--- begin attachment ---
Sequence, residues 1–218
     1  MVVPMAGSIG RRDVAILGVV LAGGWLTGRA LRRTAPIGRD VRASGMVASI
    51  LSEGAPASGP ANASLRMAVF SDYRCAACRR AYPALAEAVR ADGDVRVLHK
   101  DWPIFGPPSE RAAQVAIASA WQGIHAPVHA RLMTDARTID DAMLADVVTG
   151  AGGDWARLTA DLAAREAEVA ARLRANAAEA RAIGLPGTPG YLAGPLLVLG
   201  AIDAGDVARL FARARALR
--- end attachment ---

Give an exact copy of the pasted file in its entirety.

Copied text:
Sequence, residues 1–218
     1  MVVPMAGSIG RRDVAILGVV LAGGWLTGRA LRRTAPIGRD VRASGMVASI
    51  LSEGAPASGP ANASLRMAVF SDYRCAACRR AYPALAEAVR ADGDVRVLHK
   101  DWPIFGPPSE RAAQVAIASA WQGIHAPVHA RLMTDARTID DAMLADVVTG
   151  AGGDWARLTA DLAAREAEVA ARLRANAAEA RAIGLPGTPG YLAGPLLVLG
   201  AIDAGDVARL FARARALR